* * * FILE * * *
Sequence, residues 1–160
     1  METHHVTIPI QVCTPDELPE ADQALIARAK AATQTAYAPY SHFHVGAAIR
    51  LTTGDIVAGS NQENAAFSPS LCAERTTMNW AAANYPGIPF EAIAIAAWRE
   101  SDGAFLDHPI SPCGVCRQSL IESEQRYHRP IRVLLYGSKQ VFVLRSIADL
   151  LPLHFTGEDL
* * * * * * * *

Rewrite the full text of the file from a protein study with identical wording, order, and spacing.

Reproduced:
Sequence, residues 1–160
     1  METHHVTIPI QVCTPDELPE ADQALIARAK AATQTAYAPY SHFHVGAAIR
    51  LTTGDIVAGS NQENAAFSPS LCAERTTMNW AAANYPGIPF EAIAIAAWRE
   101  SDGAFLDHPI SPCGVCRQSL IESEQRYHRP IRVLLYGSKQ VFVLRSIADL
   151  LPLHFTGEDL